"The Red-Headed League" with apologies to Sir A C Doyle

Discussion in 'Off-topic Political' started by Fallschirmjäger, Feb 23, 2017.

  1. Fallschirmjäger

    Fallschirmjäger I watch the watchers

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    No, this isn't about Sherlock Holmes.

    I was thinking recently about political parties and how, in order to gain political power, they had to have the membership to vote for their policies and I am trying to draw an analogy, so please be kind to my unformed thoughts.....


    Let us imagine that you want to form a political party, the purpose of which is immaterial for this discussion as it's about power not ideology. Let us suppose that you name this party the "Red-Headed League" and want to attract membership to increase your voting base.
    Obviously, you will include men of voting age in your party; those who are of the proper hair hue of course. But red-heads are only about 2% of the worldwide population; you need a much larger political base in order to achieve any political power.

    What to do?
    You can double membership at the stroke of a pen by including red-headed women.
    You can invite people who used to be red-heads but are now bald as cue balls.
    You can invite people who have expressed a desire to dye their hair
    You can You can convince people that 'red heads are the new 'IN' thing and that they want to be red-heads
    You can put forth the idea that because one day they too may want to become red-heads that they should join the party.
    You can convince people that compared to others they are more red-headed and therefore your party can better represent them than another.

    Given what is often said about either 'right wing populism' or 'left wing populism' can anyone think of other ways to convince people to join a political party?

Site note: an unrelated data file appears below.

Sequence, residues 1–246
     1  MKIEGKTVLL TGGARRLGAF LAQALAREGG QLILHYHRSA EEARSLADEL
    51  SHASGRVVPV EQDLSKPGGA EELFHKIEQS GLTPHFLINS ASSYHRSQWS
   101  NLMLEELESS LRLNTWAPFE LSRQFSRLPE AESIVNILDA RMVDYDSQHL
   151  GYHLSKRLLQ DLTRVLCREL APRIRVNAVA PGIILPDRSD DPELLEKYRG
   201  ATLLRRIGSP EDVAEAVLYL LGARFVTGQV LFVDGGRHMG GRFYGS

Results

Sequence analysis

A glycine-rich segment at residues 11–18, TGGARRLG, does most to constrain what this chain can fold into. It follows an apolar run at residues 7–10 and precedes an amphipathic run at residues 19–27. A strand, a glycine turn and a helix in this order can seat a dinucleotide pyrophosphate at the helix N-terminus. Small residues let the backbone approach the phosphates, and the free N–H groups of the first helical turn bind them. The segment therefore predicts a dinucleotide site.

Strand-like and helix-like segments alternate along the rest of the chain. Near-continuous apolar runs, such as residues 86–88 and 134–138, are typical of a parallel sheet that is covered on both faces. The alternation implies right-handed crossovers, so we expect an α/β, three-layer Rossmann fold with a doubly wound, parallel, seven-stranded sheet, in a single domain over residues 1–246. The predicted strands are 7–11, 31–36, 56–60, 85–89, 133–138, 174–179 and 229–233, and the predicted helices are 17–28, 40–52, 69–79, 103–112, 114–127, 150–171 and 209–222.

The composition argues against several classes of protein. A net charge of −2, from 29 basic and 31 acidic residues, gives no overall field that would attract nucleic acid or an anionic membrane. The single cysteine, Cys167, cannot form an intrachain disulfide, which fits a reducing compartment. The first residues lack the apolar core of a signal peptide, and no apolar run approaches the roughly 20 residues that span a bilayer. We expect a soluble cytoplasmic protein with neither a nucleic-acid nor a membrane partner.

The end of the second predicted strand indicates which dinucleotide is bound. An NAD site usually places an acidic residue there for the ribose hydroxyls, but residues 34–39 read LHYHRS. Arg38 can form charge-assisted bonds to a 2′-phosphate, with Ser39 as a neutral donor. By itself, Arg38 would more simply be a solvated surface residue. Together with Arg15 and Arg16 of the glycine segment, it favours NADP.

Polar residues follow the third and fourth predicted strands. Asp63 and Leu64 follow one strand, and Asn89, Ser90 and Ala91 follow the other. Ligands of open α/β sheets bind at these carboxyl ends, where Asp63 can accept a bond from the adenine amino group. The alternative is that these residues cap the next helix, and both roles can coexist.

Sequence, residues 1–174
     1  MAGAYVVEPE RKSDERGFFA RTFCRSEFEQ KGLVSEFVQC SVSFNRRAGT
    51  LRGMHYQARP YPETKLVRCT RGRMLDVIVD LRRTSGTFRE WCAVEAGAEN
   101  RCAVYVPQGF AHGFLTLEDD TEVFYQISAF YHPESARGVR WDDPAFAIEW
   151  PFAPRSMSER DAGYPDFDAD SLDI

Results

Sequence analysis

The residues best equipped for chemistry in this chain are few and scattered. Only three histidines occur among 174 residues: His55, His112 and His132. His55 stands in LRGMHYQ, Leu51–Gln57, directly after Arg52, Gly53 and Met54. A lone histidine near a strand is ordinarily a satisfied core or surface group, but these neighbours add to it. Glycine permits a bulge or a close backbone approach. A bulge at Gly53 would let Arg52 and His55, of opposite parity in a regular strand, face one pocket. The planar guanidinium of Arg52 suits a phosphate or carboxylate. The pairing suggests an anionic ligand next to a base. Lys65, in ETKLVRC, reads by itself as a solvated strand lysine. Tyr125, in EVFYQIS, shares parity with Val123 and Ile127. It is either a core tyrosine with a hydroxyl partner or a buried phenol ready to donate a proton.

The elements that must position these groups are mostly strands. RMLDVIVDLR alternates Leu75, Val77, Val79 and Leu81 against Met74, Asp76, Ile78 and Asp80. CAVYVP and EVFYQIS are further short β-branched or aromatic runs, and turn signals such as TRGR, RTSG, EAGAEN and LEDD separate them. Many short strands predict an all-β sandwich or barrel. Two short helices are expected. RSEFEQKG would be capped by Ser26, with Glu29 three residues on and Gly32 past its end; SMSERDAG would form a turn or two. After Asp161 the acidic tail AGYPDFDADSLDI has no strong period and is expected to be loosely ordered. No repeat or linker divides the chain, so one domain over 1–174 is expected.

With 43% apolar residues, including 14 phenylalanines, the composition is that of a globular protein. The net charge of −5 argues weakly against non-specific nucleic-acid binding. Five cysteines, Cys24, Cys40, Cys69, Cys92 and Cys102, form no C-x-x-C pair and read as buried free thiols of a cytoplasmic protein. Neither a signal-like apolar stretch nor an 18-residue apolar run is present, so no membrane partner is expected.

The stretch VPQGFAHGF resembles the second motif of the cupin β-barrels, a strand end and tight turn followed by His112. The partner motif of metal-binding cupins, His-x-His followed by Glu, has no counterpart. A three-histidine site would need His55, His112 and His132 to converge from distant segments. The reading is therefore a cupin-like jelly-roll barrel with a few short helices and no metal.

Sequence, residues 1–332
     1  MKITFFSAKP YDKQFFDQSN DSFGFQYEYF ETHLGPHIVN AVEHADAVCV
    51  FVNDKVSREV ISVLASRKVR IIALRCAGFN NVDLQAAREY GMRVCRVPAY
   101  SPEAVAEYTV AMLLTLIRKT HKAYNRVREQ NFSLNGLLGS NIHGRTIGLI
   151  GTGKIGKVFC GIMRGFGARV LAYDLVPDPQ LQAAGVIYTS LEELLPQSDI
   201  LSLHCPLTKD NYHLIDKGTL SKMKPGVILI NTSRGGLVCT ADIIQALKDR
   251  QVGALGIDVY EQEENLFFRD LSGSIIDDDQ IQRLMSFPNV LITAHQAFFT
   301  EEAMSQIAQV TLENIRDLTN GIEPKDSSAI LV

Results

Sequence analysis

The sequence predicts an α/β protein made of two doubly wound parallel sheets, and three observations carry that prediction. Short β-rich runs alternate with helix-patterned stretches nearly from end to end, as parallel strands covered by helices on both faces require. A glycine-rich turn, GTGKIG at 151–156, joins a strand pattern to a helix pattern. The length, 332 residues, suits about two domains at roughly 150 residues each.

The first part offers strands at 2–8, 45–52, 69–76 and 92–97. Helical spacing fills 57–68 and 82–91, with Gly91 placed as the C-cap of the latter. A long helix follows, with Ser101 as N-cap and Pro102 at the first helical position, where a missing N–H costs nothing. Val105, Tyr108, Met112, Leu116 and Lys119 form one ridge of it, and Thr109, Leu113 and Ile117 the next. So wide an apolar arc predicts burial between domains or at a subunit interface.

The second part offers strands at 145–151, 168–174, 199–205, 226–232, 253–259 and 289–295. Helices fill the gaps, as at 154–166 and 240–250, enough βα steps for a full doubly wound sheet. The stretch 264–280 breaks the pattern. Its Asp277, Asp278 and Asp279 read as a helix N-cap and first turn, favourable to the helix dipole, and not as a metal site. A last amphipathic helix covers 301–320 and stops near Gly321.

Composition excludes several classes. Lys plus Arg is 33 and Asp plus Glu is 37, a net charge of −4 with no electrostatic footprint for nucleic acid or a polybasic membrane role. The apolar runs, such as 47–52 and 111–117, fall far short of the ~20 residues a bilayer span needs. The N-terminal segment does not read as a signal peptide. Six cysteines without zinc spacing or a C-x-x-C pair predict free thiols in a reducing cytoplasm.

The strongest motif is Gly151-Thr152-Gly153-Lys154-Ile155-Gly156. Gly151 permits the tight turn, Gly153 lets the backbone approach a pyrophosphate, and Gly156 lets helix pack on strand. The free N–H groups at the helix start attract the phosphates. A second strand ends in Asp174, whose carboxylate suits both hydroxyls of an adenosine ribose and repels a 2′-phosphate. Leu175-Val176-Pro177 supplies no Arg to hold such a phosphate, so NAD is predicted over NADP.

Party of the educated
    Party of the individual
    Party of the Rich and Famous
    Party of the Poor and Downtrodden
    Party of the People that Eat Tasty Animals??

    (Just a half formed idea that I must admit I'm still working on)
     
  2. Siege

    Siege Active Member

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    "I never submitted the whole system of my opinions to the creed of any party of men whatever in religion, in philosophy, in politics, or in anything else where I was capable of thinking for myself. Such an addiction is the last degradation of a free and moral agent"

    -Thomas Jefferson, letter to Francis Hopkinson, March 13, 1789

    While I find the whole notion fairly repugnant, I can add one of the most common means of getting party membership: F.U.D., or, Fear, Uncertainty, & Doubt. When properly applied with the right psychology methods, there are few better and faster ways to whip up fervor and gain new converts than by playing on F.U.D. Whether its fear of what your political opponents have done or might do, uncertainty about the future, or doubt about the oppositions' motives, etc., F.U.D. will get the job done. Every major political candidate who actually gets anywhere these days has utilized it to great effect. I'd go so far as to say that was basically the entire principle and focus of Trumps' campaign.
     

  3. Phil1979

    Phil1979 Member Georgia Carry

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    I believe the fear of a Clinton presidency was founded quite well in fact, without a doubt. ;-)


     
  4. Fallschirmjäger

    Fallschirmjäger I watch the watchers

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    "If you fear that one day you may wish to be red-headed and not be discriminated against, then you need to join the League"... would that work?